Sept. 26, 2011 -- Netflix "moved too quickly" in making changes to its subscription plans, which caused widespread outrage among its customer base, Netflix CEO Reed Hastings said in an exclusive interview with "Nightline."
"We moved too quickly," Hastings told ABC News' John Donvan. "We didn't give it enough thought. We didn't give it enough explanation, enough integration, and you know, that's legitimately caused our customers to be angry."
Watch the full story on "Nightline" tonight at 11:35 p.m. ET
The company caught vicious backlash from subscribers after Netflix announced last week it was separating its DVDs-by-mail and live streaming services. The announcement came after Netflix had said in July it also would be raising its subscription costs by as much as 60 percent, starting Sept. 1.
"We made a big mistake in the way we communicated it," Hastings said. "We're apologizing, and we're trying to build this great service for [our customers]."
Since the announcements, more than 600,000 customers have canceled their subscriptions.
"It's a big setback, there's no question about that," Hastings said.
Netflix's blog and Facebook page became inundated with negative comments and Netflix's stocks plummeted 50 percent.
"It's reading some of those comments that made me realize that I really did regret the way that we handled that communication," Hastings said.
In response, Hastings, who was named Forbes' "2010 Business Person of the Year," sent an apology email to Netflix's 24 million customers, starting the letter with, "I messed up. I owe you an explanation."
Hastings also announced last week that the company's DVDs-by-mail service would now be called "Qwikster" and Netflix would be just for streaming.
"It's not a marketing tactic, OK?" Hastings said of the letter. "It's an expression of our genuine, sincere regret about the way we handled the communication with people. We've worked really hard to serve and built a lot of trust and loyalty, and we didn't respect that in the way that we wish we had."
But another hiccup surfaced: Netflix didn't secure the @Qwikster Twitter handle rights before Hasting made his announcement. It is currently used by a man named Jason Castillo.
"I think we were just moving too fast," Hastings said. "Sometimes, the thing that makes you great, your speed, can trip you up, and so, you know, we need to be a little bit more thoughtful as we move."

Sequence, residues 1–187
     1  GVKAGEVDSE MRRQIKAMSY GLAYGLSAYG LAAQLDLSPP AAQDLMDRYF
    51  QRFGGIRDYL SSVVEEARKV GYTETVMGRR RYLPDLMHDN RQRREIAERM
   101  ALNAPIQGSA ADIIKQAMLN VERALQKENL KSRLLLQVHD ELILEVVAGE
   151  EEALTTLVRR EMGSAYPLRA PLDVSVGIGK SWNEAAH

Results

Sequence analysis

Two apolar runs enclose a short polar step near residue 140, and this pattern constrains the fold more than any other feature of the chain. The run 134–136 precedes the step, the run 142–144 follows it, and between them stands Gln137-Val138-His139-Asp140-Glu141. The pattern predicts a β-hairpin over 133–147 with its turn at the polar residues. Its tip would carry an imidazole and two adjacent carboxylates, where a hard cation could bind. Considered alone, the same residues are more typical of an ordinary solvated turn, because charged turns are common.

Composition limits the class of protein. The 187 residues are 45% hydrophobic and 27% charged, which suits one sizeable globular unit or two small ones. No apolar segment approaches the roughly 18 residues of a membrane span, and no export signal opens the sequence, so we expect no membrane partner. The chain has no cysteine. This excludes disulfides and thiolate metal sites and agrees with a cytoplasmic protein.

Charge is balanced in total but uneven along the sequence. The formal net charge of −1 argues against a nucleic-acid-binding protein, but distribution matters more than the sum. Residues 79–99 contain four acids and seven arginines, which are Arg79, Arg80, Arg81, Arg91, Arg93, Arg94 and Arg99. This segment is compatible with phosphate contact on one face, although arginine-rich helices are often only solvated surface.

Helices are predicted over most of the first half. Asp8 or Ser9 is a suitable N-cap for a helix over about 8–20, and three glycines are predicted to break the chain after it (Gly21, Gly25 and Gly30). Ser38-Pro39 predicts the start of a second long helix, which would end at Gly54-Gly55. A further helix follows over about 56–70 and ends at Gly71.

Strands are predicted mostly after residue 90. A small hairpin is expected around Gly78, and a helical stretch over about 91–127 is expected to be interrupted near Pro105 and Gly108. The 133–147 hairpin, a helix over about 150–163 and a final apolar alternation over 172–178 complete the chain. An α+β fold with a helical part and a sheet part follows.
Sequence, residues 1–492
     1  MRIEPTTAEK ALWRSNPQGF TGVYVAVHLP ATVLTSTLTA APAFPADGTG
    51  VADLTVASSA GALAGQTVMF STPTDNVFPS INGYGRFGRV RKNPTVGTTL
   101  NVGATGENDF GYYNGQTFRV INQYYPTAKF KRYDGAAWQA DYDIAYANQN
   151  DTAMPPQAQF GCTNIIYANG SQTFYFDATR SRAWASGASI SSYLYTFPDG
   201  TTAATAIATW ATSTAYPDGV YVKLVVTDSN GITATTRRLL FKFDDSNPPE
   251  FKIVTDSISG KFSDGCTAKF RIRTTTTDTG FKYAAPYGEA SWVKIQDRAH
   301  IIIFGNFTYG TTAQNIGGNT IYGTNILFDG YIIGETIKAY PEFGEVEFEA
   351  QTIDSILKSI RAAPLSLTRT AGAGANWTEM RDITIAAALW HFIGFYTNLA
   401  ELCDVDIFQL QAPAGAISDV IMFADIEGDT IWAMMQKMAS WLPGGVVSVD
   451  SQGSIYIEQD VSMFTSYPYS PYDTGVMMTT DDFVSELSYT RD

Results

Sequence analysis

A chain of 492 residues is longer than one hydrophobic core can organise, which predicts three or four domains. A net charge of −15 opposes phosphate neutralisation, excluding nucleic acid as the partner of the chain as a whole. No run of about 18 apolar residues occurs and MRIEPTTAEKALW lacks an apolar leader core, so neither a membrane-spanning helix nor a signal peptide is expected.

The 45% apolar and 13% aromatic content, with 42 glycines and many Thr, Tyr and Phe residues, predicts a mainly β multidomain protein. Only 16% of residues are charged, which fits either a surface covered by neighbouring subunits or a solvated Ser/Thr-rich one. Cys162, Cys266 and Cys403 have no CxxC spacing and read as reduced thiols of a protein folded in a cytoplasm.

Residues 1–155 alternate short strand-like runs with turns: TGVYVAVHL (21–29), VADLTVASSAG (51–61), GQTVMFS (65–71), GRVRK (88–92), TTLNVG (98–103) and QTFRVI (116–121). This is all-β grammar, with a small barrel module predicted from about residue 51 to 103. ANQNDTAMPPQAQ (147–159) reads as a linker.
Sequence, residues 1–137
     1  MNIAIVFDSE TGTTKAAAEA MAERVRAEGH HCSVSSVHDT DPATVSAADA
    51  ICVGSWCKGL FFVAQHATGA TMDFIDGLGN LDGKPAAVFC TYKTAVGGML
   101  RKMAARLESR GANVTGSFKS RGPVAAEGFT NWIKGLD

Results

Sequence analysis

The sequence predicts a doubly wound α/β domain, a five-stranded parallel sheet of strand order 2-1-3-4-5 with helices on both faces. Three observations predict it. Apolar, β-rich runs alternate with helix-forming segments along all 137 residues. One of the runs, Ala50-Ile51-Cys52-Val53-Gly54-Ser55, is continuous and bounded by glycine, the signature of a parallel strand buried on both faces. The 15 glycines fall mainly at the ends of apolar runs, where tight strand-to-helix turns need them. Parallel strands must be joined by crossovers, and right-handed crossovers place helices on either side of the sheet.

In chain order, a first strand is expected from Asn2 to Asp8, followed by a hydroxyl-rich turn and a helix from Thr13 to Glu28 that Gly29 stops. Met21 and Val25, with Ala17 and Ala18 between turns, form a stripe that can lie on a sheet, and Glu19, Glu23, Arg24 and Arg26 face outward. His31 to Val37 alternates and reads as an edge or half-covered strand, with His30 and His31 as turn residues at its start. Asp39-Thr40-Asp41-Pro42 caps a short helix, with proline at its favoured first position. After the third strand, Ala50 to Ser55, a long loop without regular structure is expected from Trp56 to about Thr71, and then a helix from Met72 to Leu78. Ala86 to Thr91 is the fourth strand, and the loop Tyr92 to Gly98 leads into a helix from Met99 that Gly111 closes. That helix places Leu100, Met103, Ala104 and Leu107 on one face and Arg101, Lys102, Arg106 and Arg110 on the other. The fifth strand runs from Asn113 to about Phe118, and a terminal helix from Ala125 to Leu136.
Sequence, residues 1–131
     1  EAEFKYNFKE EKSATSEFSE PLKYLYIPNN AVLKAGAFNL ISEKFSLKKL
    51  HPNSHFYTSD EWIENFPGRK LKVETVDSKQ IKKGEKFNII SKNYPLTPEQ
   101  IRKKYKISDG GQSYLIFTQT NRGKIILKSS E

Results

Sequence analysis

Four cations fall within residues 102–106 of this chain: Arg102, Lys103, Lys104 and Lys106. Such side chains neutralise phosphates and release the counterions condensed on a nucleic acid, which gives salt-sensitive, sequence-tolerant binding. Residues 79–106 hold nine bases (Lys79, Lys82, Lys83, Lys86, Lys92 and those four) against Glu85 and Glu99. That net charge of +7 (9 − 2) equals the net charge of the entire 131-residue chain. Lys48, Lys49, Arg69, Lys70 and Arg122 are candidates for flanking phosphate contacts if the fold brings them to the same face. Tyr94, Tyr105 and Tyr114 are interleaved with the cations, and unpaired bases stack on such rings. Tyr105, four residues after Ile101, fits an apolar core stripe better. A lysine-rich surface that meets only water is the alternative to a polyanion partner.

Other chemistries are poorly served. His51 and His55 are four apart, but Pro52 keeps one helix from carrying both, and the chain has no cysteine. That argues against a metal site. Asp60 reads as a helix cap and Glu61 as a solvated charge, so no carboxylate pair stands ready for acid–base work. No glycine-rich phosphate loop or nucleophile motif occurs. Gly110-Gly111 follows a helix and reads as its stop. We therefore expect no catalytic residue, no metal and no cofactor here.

Hastings told Donvan that while his company didn't communicate the changes with its customers well, the decision to split the company in two was the "right move internally."
"There's no question," Hastings said. "In terms of customers, what we should have found is more ways to make it transparent to the customer, so it was less of a change.
Established in 1997, Netflix launched its DVDs-by-mail-only service in 1999, then incorporated the live-streaming service last year. When Hastings spoke with "Nightline" in 2009, even then he said he knew that streaming would become a huge priority.
"Eventually in the very long term, it's unlikely that we'll be on plastic media. So, we've always known that," he said at the time. "That's why we named the company Netflix and not DVDs by Mail."
And that hasn't been the end of Netflix's worries: Other heavy-weight media companies have used Netflix's recent mishaps as a springboard to launch their video-streaming ventures.
Amazon.com Inc., which launched a free on-demand video service to its Prime shipping members in February, signed a deal with Twentieth Century Fox today to stream Fox movies and TV shows, including the popular shows "24" and "Arrested Development." The company already has a deal with CBS Corp. to stream 2,000 TV show episodes to its Prime members.
Even Blockbuster, which Netflix forced into bankruptcy court and was bought out by TV provider Dish Network for $234 million earlier this year, is getting back into the game. Blockbuster announced a new DVDs-by-mail and Internet video streaming bundle for $10 a month -- roughly what Netflix used to charge users before it raised its prices.
Not to mention Netflix has been competing with the likes of Apple Inc., Google Inc. and Hulu.com.
Despite it all, Netflix continues marching on. The company signed a multi-year licensing deal with Dreamworks today to stream its movies, including "Shrek" and "Kung Fu Panda," and TV specials, starting in 2013.
ABC News' Ned Potter and The Associated Press contributed to this report.